• “Witch Tales” — I was never fully able to describe this category, as many stories have witch characters, some of whom are benevolent, but I was struck by the recurring image of a witch who shed her skin during the night to transform into an animal or spirit and make mischief. Two examples of this are “Ridden by the Night Hag” in Green’s African American Folktales, and “The Ways of a Witch” in Talk That Talk. Green notes that night hags, or witches who come at night, are internationally feared. Night hags are predominantly European, while the shedding of skin is related to African folklore (144).
  • “Becoming a Two-Head” — This is a short story, just five sentences long, that nonetheless seemed significant to me. If I were to do a longer project I would want episodes to focus not just on specific folktales, but also on lore generally. To be a “two-head” or possessor of two spirits, was to have a second sight, which meant a person might be able to see sprits, or might have some kind of magic ability. In Dorson’s version, “Two-Heads,” also called “Hoodoos,” learn their magic from the Devil. In contrast, Green presents a story in which power is bestowed to children who are born with a double caul. The origin of supernatural sensitivity is interesting to me, and I’d like to delve deeper.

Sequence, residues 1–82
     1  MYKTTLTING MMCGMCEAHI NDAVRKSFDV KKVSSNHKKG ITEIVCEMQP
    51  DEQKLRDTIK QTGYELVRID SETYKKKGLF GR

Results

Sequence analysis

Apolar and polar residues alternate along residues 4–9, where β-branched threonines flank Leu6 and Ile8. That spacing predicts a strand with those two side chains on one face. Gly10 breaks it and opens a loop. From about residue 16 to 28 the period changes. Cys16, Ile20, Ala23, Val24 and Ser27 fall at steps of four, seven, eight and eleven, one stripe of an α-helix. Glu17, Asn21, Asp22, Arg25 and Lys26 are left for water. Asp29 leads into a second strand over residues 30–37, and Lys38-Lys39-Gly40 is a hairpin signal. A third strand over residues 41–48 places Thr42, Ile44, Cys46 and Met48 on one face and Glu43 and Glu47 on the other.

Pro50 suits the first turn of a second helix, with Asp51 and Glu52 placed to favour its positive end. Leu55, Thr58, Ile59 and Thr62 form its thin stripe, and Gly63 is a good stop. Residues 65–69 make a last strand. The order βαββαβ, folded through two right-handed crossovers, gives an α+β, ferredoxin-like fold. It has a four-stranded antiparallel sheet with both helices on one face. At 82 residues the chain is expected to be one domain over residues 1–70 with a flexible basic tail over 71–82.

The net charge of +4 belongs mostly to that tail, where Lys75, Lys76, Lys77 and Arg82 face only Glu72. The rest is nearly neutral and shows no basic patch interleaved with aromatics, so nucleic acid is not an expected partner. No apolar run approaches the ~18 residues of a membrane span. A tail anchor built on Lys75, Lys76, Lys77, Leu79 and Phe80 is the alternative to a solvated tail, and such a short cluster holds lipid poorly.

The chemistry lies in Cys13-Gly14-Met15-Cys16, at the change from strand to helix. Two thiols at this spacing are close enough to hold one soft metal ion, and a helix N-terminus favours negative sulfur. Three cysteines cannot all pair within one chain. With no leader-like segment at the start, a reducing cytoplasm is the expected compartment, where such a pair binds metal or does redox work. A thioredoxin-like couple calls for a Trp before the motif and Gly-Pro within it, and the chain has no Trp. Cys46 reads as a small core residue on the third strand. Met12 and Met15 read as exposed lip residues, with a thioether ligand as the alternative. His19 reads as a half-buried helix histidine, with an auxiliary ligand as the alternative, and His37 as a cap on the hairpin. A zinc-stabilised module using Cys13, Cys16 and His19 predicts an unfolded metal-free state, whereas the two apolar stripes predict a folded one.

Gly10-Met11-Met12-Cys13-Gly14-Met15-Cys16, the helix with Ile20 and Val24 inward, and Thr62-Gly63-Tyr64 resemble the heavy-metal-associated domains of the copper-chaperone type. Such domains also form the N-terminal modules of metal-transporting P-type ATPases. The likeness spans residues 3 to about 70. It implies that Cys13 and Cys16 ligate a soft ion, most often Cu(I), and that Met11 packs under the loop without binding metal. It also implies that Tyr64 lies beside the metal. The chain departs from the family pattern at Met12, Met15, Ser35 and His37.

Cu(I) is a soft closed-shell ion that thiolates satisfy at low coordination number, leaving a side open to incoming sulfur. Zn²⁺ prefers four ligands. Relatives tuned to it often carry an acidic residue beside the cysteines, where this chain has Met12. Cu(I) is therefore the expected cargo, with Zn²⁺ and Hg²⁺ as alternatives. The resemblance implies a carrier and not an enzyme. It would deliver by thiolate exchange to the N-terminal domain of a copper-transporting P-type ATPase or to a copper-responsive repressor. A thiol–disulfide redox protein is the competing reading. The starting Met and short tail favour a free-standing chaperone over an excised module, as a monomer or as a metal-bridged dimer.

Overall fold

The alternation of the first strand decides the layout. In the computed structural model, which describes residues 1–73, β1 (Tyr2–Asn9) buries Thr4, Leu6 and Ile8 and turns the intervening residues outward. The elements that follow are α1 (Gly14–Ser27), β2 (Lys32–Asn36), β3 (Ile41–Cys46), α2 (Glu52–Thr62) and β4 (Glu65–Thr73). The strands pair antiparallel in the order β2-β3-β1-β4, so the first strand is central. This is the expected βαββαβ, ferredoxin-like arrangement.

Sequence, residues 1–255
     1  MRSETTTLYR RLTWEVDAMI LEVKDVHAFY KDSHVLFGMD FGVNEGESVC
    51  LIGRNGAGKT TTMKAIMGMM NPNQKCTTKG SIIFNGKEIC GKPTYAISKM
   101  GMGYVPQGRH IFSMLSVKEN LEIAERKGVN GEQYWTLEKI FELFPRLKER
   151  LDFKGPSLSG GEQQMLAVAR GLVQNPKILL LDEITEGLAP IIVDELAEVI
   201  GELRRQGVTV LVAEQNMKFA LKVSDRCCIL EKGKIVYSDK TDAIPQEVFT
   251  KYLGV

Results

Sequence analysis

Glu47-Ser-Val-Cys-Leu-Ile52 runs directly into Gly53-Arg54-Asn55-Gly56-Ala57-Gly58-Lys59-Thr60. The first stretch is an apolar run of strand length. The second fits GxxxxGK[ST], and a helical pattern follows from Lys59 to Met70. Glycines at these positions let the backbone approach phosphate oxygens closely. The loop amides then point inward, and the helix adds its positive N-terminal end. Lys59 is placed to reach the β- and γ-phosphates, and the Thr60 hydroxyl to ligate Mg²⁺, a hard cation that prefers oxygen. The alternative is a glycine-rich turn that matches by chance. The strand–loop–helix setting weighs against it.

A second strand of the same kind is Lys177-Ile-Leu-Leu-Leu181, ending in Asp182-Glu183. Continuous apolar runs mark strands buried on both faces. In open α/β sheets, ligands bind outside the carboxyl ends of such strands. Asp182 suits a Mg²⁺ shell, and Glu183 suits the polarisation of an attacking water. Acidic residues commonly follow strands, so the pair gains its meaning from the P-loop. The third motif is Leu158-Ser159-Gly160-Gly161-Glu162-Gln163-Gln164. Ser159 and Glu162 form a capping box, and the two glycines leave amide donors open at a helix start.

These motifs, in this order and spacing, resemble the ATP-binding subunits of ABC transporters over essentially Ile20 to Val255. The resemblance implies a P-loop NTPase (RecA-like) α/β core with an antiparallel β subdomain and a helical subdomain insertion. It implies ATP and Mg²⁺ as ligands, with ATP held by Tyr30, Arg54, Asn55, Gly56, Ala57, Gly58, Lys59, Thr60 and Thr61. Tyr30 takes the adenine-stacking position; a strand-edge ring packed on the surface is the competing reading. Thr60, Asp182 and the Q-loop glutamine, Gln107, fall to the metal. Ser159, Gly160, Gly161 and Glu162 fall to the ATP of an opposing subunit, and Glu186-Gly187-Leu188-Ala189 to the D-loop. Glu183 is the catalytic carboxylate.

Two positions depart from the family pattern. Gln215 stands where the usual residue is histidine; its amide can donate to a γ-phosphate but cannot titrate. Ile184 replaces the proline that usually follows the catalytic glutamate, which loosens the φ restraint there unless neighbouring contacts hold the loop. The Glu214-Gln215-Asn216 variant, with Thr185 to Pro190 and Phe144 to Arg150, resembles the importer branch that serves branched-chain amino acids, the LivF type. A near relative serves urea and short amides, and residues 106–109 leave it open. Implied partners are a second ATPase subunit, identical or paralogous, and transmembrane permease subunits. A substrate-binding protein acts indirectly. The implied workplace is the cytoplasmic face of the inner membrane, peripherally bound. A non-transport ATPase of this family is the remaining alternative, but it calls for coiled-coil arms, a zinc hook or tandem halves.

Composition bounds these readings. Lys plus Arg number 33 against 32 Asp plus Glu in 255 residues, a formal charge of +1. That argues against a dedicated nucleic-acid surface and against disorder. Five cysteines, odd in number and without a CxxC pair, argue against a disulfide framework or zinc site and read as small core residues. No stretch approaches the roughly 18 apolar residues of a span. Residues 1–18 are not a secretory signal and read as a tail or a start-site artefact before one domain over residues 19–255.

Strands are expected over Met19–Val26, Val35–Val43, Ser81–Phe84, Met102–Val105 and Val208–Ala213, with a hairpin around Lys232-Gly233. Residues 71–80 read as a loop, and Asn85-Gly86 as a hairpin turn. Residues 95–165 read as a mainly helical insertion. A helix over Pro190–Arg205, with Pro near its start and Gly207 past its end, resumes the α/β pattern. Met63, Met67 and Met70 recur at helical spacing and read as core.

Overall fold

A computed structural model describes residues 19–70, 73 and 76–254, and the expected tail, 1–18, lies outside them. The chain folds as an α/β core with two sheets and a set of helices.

• “Horrors” — I did not include any of this tales in this category, a subgenre described by Dorson in his anthology. As opposed to the ghost stories I’ve already discussed, these were tales about real life horrors, slavery — whippings, escapes —  murders, and suicides, most ostensibly true, beginning with dates and names to add authenticity (“A white fellow from around her, named Demings, committed suicide in his car back in 1939” or “Now this ain’t no joke. It happened in Clarksdale, Mississippi, when I was about sixteen…”). I hoped to find ways in which these “true life” tales intersected with the more traditional stories of ghosts and devils, but unfortunately did not.